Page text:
Many people don’t understand what the Church means by saying “mortal” and “venial” sin. What’s the big difference? All sins are wrong, right? While all sin is wrongdoing, there are some sins that are more serious than others. We should all be able to agree upon that point. After all, many people would say that killing someone is more serious than stealing, or that swearing at your parents is worse than disrespecting a stranger. Even the law differentiates between murder which is not thought out and murder which is pre-meditated.
What is Venial Sin?
Venial sins are the less serious of the two types of sin because they do not concern a grave matter or are committed in ignorance of the fact that the act is sinful. This will make more sense in the light of what constitutes mortal sin.
What is Mortal Sin?
Mortal sin is the more serious type of sin. In order for a sin to be considered mortal, it must meet three “conditions” (for lack of a better word):
- The object of the action was grave matter.
- The act was committed with full knowledge that it was sinful.
- The act was committed with the deliberate consent of the person.
(Catechism of the Catholic Church, paragraph 1857)
Let’s take each of those points one by one and explain what they mean in full.
1. The object of the action was grave matter.
Grave matter is defined by the Church to be anything against the Ten Commandments (Catechism of the Catholic Church, paragraph 1858). However, some sins are more serious than others even within this category. As I have already stated, murder is a more serious offense than theft, and injuring one’s parents is more serious than injuring a stranger.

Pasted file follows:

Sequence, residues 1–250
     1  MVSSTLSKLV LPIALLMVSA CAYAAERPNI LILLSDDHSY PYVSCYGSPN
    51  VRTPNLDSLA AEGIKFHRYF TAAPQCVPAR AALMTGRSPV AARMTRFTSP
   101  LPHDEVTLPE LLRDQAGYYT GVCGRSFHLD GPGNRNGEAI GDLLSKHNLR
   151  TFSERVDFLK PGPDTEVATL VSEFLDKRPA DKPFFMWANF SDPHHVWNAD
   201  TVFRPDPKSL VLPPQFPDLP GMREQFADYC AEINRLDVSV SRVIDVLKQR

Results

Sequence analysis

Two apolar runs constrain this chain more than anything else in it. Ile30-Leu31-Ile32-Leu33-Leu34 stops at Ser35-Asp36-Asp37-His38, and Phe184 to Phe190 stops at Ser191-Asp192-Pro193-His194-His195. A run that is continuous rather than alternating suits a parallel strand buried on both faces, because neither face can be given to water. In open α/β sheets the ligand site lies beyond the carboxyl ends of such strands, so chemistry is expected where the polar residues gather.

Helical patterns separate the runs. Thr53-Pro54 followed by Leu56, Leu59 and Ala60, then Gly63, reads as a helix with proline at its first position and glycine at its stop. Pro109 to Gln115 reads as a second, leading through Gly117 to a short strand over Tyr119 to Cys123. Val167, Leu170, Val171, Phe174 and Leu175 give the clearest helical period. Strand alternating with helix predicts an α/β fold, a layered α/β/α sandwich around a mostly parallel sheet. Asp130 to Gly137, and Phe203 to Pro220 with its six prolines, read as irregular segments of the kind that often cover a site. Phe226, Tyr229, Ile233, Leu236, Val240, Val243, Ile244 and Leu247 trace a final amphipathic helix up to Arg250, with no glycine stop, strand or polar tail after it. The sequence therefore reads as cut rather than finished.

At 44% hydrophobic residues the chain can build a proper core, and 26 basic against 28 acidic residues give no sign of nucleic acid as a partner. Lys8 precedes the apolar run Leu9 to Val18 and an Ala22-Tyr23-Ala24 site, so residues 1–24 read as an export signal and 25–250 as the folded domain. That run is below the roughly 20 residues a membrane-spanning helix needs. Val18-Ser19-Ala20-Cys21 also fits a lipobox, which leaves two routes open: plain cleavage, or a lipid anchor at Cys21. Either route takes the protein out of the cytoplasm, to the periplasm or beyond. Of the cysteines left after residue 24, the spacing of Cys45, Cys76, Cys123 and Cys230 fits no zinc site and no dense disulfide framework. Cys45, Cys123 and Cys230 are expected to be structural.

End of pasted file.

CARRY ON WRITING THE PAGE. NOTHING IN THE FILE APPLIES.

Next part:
2. The act was committed with full knowledge that it was sinful.
Mortal sins are committed with the person having full knowledge that the action was wrong. If this condition is removed (indeed, if any of the three conditions are removed from the situation) then the sin is not mortal. If a person is ignorant of the fact that the action is sinful, then it is a much less serious offense and is a venial sin.
3. The act was committed with the deliberate consent of the person.
This connects to the second condition. If a person knows the action to be sinful and then deliberately commits the sin anyway, the offense is greater than if the person had unknowingly and unwillingly committed the sin.
Mortal sins, because of their seriousness, “necessitate a new initiative of God’s mercy and a conversion of heart which is normally accomplished within the sacrament of reconciliation” (Catechism of the Catholic Church, paragraph 1856). For a biblical defense of the Sacrament of Reconciliation, see my post titled “Is Confession to a Priest Biblical?”.
But Wait a Minute! The Idea of Two Categories of Sin is Unbiblical.
Actually, this concept is found in Scripture. 1 John 5:16-17 states:
“If anyone sees his brother sinning, if the sin is not deadly, he should pray to God and he will give him life. This is only for those whose sin is not deadly. There is such a thing as deadly sin, about which I do not say that you should pray. All wrongdoing is sin, but there is sin that is not deadly.”
The Catholic Church teaches that there are two types of sin: mortal sin and venial sin. Mortal sins are the more serious of the two and kill the life of God’s grace within the soul, while venial sins are less serious offenses that nonetheless wound charity.
Got Questions? Just Ask! Do you have a question about the Catholic Church or what you have read in this post? Comment and tell me about it! I’ll address your question in a post for everyone. If you have a more personal question, please feel free to email me. God bless and thanks for reading!